Similarly, education and prior work experience are irrelevant to the test’s aim: Identify the best performer for the role.
Because great management assessment tests measure vital management skills like communication, business judgment, culture add, cognitive skills, and problem-solving – not a person’s education or background.
Gen Z prefers learning hands-on instead of listening or reading.
Incorporate skills tests into your employee learning and development strategy to give Gen Z talent the opportunity to complete role-specific tasks and gain meaningful work experience in a particular field.
Apple, for example, has two professional training courses that use skills tests to strengthen the skills of potential employees in its talent pipeline. In other words, these tests are a key part of its talent pool management.
The Apple Device Support course develops and evaluates candidates’ skills for roles like help desk professionals, technical coordinators, and service providers.
The majority of current Apple employees are on the older side of Gen Z and the younger side of millennials (20-30 years old), which shows how an effective talent assessment program is a great way to secure high-performing Gen Z talent.
When considering how to attract Gen Z employees, it’s important to show them your values.
Talent assessments help organizations show their values by:
Providing an unbiased, streamlined hiring process
Digitizing the candidate experience
Providing an accurate depiction of what the role entails
Respecting candidates’ time and effort
They are also a powerful way to show your values because they do more than pay lip service to vague diversity goals, virtue signaling, and social responsibility promises.
They challenge Gen Z candidates to bring their best to the recruitment process to prove they have the skills and attitude to succeed individually and as a part of your organization.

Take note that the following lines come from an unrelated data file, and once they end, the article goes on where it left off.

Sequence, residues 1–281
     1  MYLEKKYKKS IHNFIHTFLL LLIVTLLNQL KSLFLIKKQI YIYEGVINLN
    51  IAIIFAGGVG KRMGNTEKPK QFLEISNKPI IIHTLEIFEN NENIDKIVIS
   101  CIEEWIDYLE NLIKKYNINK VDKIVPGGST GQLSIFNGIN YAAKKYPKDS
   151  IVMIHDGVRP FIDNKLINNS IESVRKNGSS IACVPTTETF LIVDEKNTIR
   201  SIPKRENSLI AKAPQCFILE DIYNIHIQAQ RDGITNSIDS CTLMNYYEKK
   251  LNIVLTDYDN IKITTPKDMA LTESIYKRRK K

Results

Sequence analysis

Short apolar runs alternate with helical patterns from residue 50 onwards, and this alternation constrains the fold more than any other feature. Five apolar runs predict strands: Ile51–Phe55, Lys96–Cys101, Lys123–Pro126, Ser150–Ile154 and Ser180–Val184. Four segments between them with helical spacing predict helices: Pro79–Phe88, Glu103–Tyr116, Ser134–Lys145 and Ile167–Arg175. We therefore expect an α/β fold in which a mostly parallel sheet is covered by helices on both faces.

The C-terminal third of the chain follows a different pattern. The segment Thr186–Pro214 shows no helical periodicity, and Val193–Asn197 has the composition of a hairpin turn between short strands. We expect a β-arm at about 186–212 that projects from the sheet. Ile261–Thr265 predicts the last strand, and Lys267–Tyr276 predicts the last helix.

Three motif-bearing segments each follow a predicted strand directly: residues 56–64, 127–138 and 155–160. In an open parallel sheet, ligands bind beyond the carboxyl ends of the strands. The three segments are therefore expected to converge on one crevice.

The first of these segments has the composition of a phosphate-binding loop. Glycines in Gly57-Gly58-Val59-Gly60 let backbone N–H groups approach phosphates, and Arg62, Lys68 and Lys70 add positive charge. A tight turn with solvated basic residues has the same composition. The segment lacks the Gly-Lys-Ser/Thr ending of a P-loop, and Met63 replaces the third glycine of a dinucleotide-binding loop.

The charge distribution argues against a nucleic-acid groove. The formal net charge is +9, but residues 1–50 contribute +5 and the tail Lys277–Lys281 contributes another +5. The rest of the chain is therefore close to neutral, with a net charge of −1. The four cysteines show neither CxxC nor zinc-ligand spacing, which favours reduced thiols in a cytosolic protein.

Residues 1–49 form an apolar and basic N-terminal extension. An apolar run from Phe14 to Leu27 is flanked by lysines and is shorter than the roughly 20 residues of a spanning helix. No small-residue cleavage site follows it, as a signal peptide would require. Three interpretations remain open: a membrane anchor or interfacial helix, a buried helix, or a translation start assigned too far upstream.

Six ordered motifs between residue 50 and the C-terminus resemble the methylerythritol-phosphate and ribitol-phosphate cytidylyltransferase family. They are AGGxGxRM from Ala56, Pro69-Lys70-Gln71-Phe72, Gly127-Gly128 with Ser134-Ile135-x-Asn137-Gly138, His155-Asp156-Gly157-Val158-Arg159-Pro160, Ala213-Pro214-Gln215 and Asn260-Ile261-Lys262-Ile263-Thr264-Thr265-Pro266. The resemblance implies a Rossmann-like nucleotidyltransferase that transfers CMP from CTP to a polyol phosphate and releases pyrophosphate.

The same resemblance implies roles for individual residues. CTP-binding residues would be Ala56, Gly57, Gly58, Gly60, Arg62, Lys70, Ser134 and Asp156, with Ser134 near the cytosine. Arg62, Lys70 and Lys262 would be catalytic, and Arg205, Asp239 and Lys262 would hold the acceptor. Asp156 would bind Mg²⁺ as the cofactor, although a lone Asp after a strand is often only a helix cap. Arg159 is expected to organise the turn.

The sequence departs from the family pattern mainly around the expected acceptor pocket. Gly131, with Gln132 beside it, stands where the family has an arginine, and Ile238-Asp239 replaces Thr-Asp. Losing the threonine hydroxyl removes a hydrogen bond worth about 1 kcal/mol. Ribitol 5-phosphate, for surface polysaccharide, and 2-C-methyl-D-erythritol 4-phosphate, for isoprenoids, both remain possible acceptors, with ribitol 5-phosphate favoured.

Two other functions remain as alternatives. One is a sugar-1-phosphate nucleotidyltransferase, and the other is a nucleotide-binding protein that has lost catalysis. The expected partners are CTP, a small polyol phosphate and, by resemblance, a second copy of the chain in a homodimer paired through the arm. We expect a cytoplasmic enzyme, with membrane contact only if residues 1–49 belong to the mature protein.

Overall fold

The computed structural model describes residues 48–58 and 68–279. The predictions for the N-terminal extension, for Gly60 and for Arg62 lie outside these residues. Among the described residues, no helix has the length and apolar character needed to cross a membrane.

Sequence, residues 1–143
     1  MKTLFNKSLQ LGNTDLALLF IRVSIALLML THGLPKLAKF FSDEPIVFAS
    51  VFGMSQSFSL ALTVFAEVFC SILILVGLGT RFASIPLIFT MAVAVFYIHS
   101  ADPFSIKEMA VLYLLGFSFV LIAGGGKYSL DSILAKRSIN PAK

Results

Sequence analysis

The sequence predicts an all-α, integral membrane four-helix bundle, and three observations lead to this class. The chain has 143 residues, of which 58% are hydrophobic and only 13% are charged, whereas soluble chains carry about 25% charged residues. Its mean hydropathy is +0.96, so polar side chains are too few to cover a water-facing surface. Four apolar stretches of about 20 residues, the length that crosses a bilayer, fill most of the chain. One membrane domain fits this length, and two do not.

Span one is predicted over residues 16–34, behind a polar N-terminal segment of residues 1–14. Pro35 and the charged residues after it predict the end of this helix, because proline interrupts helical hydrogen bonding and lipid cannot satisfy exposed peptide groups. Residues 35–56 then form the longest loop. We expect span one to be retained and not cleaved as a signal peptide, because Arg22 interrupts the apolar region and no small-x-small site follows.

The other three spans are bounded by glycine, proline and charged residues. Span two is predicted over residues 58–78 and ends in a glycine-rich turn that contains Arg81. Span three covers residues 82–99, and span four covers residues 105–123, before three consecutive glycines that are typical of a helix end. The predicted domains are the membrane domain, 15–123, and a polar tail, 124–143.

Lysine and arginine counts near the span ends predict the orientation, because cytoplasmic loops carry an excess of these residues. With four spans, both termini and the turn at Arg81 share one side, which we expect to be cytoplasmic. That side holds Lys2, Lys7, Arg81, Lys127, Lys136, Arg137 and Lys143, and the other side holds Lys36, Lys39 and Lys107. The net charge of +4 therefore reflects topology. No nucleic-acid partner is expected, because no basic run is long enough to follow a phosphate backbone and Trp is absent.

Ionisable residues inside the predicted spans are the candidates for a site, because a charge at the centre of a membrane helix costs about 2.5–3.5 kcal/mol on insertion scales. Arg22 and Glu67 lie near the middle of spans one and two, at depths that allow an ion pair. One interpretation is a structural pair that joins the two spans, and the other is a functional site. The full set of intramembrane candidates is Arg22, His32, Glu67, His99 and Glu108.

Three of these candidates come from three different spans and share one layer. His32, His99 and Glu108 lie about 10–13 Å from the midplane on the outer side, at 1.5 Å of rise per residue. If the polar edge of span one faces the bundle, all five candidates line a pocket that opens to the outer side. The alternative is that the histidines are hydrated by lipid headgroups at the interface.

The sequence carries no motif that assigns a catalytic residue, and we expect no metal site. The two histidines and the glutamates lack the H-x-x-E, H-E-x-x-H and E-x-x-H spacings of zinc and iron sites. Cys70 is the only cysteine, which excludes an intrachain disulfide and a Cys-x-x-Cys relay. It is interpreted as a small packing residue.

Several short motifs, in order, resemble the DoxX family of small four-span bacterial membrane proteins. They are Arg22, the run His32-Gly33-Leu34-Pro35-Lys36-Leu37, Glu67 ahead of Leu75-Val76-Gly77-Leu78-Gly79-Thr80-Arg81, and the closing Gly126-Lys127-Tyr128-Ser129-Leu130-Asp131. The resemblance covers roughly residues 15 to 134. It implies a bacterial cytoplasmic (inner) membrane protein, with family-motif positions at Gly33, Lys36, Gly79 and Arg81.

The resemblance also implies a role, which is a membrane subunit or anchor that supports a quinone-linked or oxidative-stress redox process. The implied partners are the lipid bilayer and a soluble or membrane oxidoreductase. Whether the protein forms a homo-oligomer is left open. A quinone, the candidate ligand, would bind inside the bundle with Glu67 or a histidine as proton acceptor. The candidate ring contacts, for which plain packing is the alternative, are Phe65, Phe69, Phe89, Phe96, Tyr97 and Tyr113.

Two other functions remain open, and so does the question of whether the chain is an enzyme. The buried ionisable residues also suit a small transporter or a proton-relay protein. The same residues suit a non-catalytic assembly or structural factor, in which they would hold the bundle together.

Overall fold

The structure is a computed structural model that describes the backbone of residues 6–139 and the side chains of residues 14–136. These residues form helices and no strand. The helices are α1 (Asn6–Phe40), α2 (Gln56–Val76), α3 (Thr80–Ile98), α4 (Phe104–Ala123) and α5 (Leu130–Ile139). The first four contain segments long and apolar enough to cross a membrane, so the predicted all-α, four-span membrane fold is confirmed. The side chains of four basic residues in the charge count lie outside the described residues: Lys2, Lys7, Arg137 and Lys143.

According to Nabila Salem, president of the cloud talent creation company Revolent, companies with values and ethics that exist purely to align with Gen Zers might be missing the whole point of having ethics and values.
Instead, Revolent created initiatives to make the sector it operates in a fairer place for all, not to simply bait Gen Z into filling vacancies.
Creating a diverse and inclusive workplace culture is crucial for your employees’ mental health, but it’s not the only step an organization should take to attract Gen Z talent.
Talent assessments also motivate Gen Z to:
Build their technical skills
Improve their soft skills
Create meaningful work
This also shows your Gen Z candidates that your organization’s culture is founded on healthy workplace communication, a key value of Generation Z.
For example, when candidates complete TestGorilla’s Enneagram Personality test, employers receive an in-depth report with details about the candidates’ strengths and weaknesses, areas for improvement, and coachable tips to help their professional development:
Employers can use this data to develop their employees, but it also shows candidates their workplace communication isn’t strictly hierarchical or fixated on the bottom line – it’s about empowerment and progress.
It’s likely that Gen Z has Googled your company to find out if you're a good place to work.
Give your organization a competitive edge by emphasizing talent assessments in your employer branding.
Job descriptions are often the first place that Gen Z talent become familiar with brands.
Great job descriptions for Generation Z talent:
Document the responsibilities of the role
Explain the duties expected of the employee
Specify the skills required to efficiently perform the role
Emphasizing talent assessments in your job descriptions refocuses your employer brand on innovation, creativity, hard data, and skills development.
Gen Z aren’t fans of the traditional culture fit approach, which boils down to whether or not a hiring manager likes a candidate’s personality.
Nick Diaz, a Gen Z professional, noted in Forbes that he paid close attention to the types of questions interviewers asked him.